Fragile Democracy: The Struggle Over Race and Voting Rights in North Carolina
America is at war with itself over the right to vote, or, more precisely, over the question of who gets to exercise that right and under what circumstances. North Carolina is a battleground for this debate, and its history can help us understand why – a century and a half after the ratification of the Fifteenth Amendment – we remain a nation divided on the issue of free and fair elections. "Fragile Democracy" tells the story of race and voting rights, from the end of the Civil War until the present day. It shows that struggles over the franchise have played out through cycles of emancipatory politics and conservative retrenchment. When race has been used as an instrument of exclusion from political life, the result has been a society in which vast numbers of Americans are denied the elements of meaningful freedom: a good job, a good education, good health, and a good home. This history points to the need for a bold new vision of what democracy looks like. For this online event, we were joined by co-authors Prof.'s James L. Leloudis and Robert R. Korstad.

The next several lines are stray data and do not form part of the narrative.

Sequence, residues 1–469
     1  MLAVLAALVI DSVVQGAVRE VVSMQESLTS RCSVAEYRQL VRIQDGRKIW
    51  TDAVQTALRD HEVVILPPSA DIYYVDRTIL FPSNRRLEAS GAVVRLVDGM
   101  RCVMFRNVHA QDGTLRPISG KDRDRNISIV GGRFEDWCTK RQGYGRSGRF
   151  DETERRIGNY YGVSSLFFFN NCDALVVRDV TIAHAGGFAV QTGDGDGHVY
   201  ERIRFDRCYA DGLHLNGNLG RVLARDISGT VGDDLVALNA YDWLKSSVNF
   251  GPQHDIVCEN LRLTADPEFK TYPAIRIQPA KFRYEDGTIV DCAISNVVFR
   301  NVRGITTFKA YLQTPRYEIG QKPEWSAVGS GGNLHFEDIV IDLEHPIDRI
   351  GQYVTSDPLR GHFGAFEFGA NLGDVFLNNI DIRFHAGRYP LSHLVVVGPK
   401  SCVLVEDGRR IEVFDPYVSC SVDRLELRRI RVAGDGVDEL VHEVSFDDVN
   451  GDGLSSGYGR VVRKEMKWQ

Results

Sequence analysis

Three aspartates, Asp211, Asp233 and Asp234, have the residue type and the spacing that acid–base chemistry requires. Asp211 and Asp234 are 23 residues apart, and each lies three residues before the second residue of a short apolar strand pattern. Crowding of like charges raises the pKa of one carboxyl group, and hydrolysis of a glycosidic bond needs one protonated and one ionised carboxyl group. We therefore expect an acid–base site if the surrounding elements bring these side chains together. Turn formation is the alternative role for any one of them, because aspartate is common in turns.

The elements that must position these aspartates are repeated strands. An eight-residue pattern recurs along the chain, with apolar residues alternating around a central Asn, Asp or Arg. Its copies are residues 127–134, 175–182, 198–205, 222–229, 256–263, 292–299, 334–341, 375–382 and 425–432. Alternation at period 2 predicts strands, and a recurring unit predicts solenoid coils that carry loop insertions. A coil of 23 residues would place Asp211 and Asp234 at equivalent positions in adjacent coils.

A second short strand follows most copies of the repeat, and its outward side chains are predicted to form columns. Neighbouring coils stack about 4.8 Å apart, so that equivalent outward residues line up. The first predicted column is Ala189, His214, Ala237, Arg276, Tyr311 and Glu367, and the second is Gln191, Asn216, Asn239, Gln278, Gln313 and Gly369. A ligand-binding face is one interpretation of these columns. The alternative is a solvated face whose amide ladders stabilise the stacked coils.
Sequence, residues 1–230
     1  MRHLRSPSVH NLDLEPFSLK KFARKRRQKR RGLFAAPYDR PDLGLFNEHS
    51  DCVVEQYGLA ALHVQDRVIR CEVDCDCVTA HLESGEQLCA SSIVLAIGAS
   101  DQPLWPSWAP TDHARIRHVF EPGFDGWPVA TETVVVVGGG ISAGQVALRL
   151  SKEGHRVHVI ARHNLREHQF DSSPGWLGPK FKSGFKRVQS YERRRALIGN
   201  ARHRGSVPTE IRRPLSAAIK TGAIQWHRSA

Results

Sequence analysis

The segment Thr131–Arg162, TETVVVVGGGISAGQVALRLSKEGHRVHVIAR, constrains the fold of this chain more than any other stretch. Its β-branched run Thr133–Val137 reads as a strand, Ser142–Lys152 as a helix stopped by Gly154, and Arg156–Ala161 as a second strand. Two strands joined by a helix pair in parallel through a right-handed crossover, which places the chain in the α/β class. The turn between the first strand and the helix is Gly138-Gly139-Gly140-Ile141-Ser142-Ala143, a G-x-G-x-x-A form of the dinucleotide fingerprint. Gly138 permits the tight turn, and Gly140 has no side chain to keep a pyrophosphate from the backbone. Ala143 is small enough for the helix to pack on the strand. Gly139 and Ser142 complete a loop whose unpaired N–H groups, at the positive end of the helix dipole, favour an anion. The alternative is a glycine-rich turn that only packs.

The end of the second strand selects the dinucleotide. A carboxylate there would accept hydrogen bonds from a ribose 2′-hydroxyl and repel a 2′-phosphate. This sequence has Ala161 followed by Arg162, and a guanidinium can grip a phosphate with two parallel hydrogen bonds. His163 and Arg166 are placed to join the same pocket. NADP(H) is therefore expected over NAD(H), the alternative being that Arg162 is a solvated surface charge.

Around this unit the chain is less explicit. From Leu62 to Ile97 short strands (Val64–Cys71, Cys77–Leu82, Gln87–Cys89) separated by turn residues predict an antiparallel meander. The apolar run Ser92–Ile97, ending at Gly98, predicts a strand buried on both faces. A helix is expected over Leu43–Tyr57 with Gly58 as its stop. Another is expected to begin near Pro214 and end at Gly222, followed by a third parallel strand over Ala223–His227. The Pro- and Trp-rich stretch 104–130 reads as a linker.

James L. Leloudis is Professor of History, the Peter T. Grauer Associate Dean for Honors Carolina, and the Director of the The James M. Johnston Center for Undergraduate Excellence, College of Arts and Sciences at the University of North Carolina at Chapel Hill. Robert R. Korstad is Professor Emeritus of History and Public Policy at the Sanford School of Public Policy of Duke University. The moderator of the event was Deondra Rose, Assistant Professor in the Sanford School of Public Policy. This event was sponsored by the Duke Human Rights Center@FHI and cosponsored by Polis: Center for Politics at Duke University's Sanford School of Public Policy and the Hart Leadership Program.